5 cyber threats that every school will face
Cybersecurity threats top the list of concerns for businesses across the globe. The problem is not isolated to the business world – K-12 schools are increasingly becoming targets of cyber threats and security breaches. During the fall of 2020, K-12 schools nationwide saw an uptick in some of the worst cyber breaches and ransomware attacks on the public education sector.
Some of the most recent cyber threats against schools attracted government attention, prompting the Senate Homeland Security and Governmental Affairs Subcommittee to explore the issue further.
What are the most common cyber threats to schools?
The following are some of the cyber threats every school should expect to face.
Phishing attempts involving schools focus on one of three methods: deceptive, spear, and superintendent fraud.
- Deceptive involves using emails sent by what appears to be a legitimate company, asking school personnel to verify their account or information.
- Spear phishing is similar yet more sophisticated in appearing genuine. And it may include information such as the recipient’s name, position, and other professional details.
- Superintendent fraud happens when a fraudulent email, like an official email for a school superintendent, encourages the recipient to share confidential information.
Distributed denial-of-service attacks happen when multiple systems flood the bandwidth of resources of school servers, making the school’s machines or entire network unavailable. There are cloud-scanning services that can help mitigate this kind of cyber threat.
3. Data breaches
Data breaches occur when secure and confidential information is inadvertently released. Therefore, educating employees on proper security procedures can help mitigate cyber threats.
Malicious software that essentially takes a school’s system hostage and restricts access to data is an example of ransomware. Backing up essential data on a server that is not accessible by the school’s main network is the best way to protect against ransomware attacks.
5. IoT vulnerabilities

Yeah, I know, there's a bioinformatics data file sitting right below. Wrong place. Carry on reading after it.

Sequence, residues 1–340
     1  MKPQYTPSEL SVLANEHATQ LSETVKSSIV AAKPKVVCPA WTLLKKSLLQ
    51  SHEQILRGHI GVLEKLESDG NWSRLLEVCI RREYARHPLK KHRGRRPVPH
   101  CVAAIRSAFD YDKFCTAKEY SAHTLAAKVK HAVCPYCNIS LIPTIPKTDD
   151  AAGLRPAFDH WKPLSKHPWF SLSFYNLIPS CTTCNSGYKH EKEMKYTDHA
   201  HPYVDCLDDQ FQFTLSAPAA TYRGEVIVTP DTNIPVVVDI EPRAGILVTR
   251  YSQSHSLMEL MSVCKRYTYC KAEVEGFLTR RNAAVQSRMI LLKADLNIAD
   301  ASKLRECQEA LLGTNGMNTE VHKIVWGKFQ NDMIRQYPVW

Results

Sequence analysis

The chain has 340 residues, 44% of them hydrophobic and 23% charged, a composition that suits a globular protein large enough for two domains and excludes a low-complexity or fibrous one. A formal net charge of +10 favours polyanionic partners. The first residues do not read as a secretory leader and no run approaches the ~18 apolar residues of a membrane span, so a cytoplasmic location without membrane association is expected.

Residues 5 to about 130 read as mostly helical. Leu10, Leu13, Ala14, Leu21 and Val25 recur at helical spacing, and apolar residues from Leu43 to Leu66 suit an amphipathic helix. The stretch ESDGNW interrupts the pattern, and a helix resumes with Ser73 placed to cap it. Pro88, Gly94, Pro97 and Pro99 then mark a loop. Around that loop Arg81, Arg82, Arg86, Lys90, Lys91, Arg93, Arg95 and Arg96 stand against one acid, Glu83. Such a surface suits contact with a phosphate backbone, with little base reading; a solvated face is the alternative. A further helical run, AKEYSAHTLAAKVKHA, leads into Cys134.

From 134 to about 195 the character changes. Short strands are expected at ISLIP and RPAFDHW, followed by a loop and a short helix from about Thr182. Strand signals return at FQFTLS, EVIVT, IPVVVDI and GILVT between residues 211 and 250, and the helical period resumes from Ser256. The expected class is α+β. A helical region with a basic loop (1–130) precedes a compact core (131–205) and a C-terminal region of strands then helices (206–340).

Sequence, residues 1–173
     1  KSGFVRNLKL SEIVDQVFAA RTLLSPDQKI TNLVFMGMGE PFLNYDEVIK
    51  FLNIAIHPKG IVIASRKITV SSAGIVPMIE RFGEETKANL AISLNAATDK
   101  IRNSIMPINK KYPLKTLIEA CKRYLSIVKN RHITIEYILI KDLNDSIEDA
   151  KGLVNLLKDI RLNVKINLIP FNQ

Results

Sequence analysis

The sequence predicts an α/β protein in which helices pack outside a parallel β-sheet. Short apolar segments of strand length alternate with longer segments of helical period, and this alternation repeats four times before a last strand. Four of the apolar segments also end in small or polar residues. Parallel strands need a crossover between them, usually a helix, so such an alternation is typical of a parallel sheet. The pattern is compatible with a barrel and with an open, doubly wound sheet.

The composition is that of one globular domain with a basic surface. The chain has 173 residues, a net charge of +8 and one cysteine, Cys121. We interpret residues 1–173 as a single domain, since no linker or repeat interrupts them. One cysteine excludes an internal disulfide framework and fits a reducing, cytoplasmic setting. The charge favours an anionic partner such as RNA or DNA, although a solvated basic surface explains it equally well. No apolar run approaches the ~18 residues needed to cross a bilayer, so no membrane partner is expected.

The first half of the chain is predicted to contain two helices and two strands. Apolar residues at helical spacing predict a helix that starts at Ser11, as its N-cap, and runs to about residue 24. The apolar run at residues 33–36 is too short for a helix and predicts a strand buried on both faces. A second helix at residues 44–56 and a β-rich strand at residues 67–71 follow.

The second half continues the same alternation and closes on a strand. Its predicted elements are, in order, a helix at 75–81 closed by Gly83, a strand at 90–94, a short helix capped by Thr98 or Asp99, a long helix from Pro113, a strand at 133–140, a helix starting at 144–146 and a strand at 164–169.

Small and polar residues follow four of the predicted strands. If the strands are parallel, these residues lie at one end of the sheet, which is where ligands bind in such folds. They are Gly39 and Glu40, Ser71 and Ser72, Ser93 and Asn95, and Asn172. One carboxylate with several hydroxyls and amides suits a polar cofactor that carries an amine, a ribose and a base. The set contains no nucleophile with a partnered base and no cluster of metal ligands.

Internet of Things (IoT) devices in schools include district-owned equipment like security cameras and electronic devices and student or teacher-owned devices like smartwatches. Some of these devices either lack security or are not updated frequently, making them vulnerable to cyber threats.
Remote learning increases the risk of cyber threats
Remote learning – whether part-time with a hybrid model or full-time – increases a school’s vulnerability to cyber threats. As of June 2020, 61 percent of malware encounters happened to schools, according to Microsoft Security Intelligence.
Students and teachers who are engaging in online classrooms are now in a less-controlled cyber environment. As a result, even schools providing students and staff with devices to use cannot completely secure those devices the way they could if they were operating on the school’s servers.
Educating students in the fight against cyber threats
Students are a crucial component in the fight against cyber threats. School districts must commit to educating students if they hope to combat cyber threats moving forward effectively. Teaching students how to protect their devices by regularly updating security software and using unique passwords can reduce school data breaches and other digital risks.
Protecting schools against cyber threats
Network monitoring, robust malware protection, and next-generation firewalls are among the best tools that schools can use against cyber threats. When your school partners with us, it becomes fortified with the best cybersecurity solutions available. Contact us to schedule your no-obligation consultation today.